I have already told you here about some changes to the approved rules for the upcoming season (from July 1st).
Since knowledge does not take up space, mention the most relevant here:
I – goal scored after touching the attacker’s hand/arm
From the following season onwards, a goal will only be allowed if:
1 – marked directly with the hand / arm of the attacker (albeit unintentionally);
2 – If it is scored after the ball has accidentally touched the attacker’s hand/arm and the attacker immediately scores a goal (with the foot or head, for example).
This means that, unlike what has happened so far, a goal scored by another player will be legal, even if the ball rebounds in the hand/arm of a team member immediately before that.
Additionally, it is equally legal for a random/unexpected ball to touch the attacker’s hand/arm before he or she fouls a free kick or penalty kick.
Just so there is no doubt:
From 2021/20 onwards, involuntary hands and arms of attackers will only be penalized if the player himself scores points or immediately thereafter.
II – the ball is in the players’ hands/arms (in all other cases)
In order to try to give more justice and consistency to decisions (punish or not punish certain moves), referees should begin to evaluate:
1 – Whether there is a deliberate gesture by the player to bring the hands/arms towards the ball.
If there is, in principle, it is punishment. If the ball hits the athlete’s hand / arm, then in principle it is not;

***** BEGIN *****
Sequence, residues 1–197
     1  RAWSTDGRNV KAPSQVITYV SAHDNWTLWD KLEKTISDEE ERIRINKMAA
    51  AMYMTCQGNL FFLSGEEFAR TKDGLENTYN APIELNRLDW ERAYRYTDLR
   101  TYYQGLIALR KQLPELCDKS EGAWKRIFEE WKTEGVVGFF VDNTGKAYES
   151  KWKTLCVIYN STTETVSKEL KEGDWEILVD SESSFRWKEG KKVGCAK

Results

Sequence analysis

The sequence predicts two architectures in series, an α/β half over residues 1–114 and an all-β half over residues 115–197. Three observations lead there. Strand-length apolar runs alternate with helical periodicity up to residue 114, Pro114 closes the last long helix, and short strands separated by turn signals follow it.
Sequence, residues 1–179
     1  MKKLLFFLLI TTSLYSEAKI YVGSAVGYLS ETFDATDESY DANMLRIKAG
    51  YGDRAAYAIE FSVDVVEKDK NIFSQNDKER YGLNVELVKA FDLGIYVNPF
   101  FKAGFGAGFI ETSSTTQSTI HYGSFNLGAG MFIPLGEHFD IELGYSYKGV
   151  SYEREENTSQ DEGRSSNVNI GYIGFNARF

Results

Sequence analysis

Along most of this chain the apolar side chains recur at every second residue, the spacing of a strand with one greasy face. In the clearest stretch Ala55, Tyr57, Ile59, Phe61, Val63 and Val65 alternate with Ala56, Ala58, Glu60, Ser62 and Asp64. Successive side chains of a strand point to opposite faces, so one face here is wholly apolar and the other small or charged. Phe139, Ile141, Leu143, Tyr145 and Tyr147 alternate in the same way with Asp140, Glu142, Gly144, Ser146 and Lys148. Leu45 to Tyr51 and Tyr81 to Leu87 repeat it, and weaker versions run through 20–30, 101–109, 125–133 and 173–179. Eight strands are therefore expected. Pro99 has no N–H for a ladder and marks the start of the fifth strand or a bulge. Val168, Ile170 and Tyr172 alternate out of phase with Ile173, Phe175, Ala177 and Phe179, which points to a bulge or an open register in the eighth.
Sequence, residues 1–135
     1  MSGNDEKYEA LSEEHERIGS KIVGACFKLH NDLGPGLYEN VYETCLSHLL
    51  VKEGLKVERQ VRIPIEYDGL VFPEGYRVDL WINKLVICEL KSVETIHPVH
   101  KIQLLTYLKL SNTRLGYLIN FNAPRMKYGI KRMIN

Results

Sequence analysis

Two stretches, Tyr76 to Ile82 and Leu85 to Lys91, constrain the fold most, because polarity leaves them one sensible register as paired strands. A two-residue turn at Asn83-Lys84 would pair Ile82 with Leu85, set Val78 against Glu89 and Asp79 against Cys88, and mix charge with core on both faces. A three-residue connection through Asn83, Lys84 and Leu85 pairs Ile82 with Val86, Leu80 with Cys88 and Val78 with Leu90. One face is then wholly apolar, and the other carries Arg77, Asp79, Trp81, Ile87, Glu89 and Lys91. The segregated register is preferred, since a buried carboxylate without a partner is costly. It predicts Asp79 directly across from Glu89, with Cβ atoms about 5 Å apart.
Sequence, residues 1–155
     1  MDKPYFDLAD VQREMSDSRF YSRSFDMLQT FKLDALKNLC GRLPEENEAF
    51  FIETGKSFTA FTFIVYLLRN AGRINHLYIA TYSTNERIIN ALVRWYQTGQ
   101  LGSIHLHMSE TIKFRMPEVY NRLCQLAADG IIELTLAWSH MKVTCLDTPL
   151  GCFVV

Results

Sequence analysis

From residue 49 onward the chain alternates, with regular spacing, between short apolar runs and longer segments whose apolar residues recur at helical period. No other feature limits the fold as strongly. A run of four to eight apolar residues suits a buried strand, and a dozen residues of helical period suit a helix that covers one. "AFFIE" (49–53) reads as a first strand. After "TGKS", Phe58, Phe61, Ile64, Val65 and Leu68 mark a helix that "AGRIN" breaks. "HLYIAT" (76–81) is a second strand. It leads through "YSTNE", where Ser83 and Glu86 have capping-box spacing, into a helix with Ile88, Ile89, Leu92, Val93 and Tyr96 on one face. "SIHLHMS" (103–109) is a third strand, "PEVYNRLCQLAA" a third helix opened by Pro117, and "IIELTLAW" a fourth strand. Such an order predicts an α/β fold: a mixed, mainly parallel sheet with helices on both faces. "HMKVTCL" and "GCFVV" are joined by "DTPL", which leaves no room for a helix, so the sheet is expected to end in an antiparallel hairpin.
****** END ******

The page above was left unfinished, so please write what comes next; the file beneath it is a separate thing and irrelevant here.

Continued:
2 – If a certain touch on the ball is caused by the fact that the player makes his body grow in an “unnatural” way, that is, without apparent justification. If that happens, he is punished.
If the abnormal position of the player’s hands/arms is interpreted as normal/expected for his action, for his movements in this context, there should be no penalty.
The analysis will continue to be very subjective (it may not be justified movement for some for others), but it sets a fairer standard, which will certainly result in fewer irregularities.
III – Arsene Wenger’s suggestion to outside players
The former French coach’s proposal to assess offsides was launched too well for future approval (based on the field tests to be conducted).
FIFA’s director of global football development now argues that a player should not be penalized for offside if any part of his body (with which a goal can be scored) is in line with the penultimate defender.
In other words, if only the attacker’s front toe coincides with any part of the defender’s body, then there should be no penalty.
In practice, the attacker is punished only if his entire body is in front of the body of the penultimate opponent at the moment of the pass.
The change will have a strong tactical impact on teams and will result in a significant reduction in penalties. Attacking football will benefit, which is fully consistent with what has always been enshrined in the spirit of Law 11.
Let’s wait to see.